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The extract below is an edited version of Dr Lindsay’s presidential address—entitled ‘Listening and Reflecting’—to the paediatric section of the Royal Society of Medicine in October 1989. Mary Lindsay qualified in medicine in 1951 and, as Dermod MacCarthy’s paediatric registrar, appeared in James Robertson’s influential film ‘Going to hospital with mother’.1 2 Later, as a consultant child psychiatrist, she worked again with Dr MacCarthy and his patients, pioneering the model of liaison work described in this lecture. In 1976, Dr Lindsay, although a child psychiatrist working in the home counties, was elected to the British Paediatric Association, and in 1993 elected FRCP, something of an honour. In 1974, she and Dr MacCarthy started the celebrated child psychiatry/paediatric meetings at the postgraduate centre at Stoke Mandeville Hospital, which took place three times a year and continued for 18 years.
Mary Lindsay has been a distinguished presence at the interface of paediatrics and psychiatry for six decades, with many lectures and publications to her name, from 1955 to the present day. In an early BMJ paper following up children with coeliac disease, she noted how chronic disease slows the child’s development.3 From her medical beginnings as a junior paediatrician, she has championed the cause of a child’s right to have parental visits and overnight stays. Mary is currently completing a study of the changing history of parents’ access to their hospitalised children over three centuries.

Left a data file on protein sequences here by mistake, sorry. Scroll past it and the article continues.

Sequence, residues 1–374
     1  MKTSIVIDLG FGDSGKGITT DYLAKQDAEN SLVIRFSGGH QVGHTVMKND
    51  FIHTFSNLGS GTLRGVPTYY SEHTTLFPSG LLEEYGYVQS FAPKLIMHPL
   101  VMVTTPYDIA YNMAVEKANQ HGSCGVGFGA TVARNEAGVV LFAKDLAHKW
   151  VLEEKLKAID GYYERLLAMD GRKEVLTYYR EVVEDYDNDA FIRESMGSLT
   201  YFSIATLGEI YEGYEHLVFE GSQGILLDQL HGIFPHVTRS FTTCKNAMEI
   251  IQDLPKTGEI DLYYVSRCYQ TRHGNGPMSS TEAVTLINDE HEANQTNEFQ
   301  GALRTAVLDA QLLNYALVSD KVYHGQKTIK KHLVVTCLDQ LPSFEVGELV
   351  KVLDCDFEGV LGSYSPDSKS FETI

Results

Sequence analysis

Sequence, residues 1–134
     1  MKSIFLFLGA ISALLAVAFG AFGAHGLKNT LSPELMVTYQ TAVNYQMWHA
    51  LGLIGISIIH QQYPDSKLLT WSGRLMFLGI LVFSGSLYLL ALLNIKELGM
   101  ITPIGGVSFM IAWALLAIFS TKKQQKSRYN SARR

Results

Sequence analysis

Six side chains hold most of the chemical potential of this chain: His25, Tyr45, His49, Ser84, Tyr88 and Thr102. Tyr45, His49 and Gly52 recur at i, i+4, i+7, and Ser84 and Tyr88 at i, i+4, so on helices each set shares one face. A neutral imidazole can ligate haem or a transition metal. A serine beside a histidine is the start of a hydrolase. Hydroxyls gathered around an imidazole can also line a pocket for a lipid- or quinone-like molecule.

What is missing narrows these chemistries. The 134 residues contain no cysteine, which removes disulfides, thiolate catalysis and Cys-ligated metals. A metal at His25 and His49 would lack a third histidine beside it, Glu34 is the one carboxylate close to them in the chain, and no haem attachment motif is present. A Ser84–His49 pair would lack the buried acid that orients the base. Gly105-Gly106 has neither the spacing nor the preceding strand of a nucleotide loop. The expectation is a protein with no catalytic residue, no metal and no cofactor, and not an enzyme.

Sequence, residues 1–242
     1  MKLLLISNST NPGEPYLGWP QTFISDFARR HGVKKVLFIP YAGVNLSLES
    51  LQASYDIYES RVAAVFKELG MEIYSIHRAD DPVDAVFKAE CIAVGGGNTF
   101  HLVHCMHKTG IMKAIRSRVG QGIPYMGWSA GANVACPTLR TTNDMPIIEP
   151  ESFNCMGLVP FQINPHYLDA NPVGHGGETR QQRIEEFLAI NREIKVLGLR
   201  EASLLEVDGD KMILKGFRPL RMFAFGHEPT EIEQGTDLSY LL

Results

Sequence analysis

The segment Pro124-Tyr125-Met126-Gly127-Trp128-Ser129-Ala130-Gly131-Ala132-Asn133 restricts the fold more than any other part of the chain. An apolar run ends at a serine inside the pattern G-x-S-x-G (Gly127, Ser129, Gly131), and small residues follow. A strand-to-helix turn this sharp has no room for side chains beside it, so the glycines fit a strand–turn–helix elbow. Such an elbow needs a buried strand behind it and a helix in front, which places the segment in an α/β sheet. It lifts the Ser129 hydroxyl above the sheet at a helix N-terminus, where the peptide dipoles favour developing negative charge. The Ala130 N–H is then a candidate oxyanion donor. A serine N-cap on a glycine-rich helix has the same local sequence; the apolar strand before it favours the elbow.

The work reported here took place while Dr Lindsay was for almost 20 years an Honorary Consultant Child Psychiatrist in the paediatric department at the John Radcliffe Hospital, Oxford, where, at his request, she joined the diabetic clinic of the late Professor David Baum and then his successor Dr (now Professor) David Dunger, sitting in with the paediatrician and taking part where appropriate. The crucial condition …
Competing interests None declared.
Provenance and peer review Not commissioned; internally peer reviewed.
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